When: School board meeting, June 1.
What happened: The board reviewed changes to its proposed general fund budget for the 2021-22 school year. Although the district now estimates a $4.84 million rise in total spending, there will be no tax increase.
Changes: Since the board adopted its proposed budget May 6, both revenues and expenses have increased more than $4 million to reflect the district’s second and third round of federal funding from Elementary and Secondary School Emergency Relief grants, said Keith Ramsey, the district’s chief of finance and operations. Additionally, the district added a new speech and language therapist, salaried at $75,000.
Overview: The school district’s real estate tax rate is set at 26.46 mills. Taxpayers with an average assessed property would pay $2,470. Overall, the district projects revenues of $31.02 million, up 18.90% from 2020-21, and predicts $31.98 million in expenses, up 17.84% from the current year. District reserves would be used to cover an estimated $953,982 deficit between revenues and expenses.
What’s next: The board expects to adopt a final budget at its next meeting June 17.
District goals: Superintendent Ashley Rizzo reviewed various administrative goals heading into 2021-22. The district will seek to improve and expand educational programs for at-risk special education and English language learners; provide students in kindergarten through second grade “high-quality early childhood experiences” with a focus on foundational skills required to read; ensure students’ social, emotional and physical wellness needs are properly met; train staff to implement “trauma-informed and culturally responsive teaching” practices in the classroom; and help learners prepare for college, employment and adulthood, Rizzo said.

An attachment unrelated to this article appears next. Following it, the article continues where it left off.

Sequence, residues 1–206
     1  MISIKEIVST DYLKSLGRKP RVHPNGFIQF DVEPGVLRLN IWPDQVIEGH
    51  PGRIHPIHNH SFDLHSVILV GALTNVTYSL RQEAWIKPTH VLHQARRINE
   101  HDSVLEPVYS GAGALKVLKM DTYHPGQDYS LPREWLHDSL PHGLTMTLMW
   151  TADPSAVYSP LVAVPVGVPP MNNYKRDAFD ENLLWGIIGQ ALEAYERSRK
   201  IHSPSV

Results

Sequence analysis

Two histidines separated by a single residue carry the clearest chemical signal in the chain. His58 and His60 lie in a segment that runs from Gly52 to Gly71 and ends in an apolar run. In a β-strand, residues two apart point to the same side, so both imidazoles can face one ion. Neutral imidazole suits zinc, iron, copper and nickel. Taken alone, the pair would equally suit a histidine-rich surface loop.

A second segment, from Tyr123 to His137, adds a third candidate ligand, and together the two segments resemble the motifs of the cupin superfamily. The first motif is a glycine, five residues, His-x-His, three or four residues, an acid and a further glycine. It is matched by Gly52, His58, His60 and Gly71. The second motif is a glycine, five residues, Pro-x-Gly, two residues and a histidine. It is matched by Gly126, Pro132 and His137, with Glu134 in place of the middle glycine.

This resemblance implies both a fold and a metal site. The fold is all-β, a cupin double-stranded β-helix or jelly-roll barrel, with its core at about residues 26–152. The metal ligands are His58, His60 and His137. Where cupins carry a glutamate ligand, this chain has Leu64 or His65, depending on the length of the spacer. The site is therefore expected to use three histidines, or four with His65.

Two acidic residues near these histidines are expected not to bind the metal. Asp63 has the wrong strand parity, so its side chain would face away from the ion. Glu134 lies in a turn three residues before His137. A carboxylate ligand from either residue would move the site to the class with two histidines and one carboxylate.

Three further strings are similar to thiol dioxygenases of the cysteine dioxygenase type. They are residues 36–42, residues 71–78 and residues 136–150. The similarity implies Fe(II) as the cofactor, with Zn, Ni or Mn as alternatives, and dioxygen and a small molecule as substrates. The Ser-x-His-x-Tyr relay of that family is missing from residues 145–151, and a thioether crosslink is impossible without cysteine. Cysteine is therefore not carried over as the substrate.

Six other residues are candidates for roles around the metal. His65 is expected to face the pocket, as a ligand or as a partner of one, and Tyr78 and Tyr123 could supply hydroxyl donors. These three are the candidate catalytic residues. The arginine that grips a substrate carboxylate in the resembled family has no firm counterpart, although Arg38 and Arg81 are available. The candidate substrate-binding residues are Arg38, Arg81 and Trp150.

Academic resources: Gregory McGough, the district’s director of curriculum, proposed enacting new research-based programs in 2021-22 that focus on reading comprehension skills for students in kindergarten through sixth grade. The district also will pursue partnerships with two organizations to strengthen support systems and academic opportunities across its schools: Lancaster-Lebanon Intermediate Unit 13, to introduce standards-based science, technology, engineering and mathematics courses; and the Pennsylvania Positive Behavior Support network, to better facilitate a positive, supportive and safe learning environment. These initiatives would be implemented over a three-year period into the 2023-24 school year.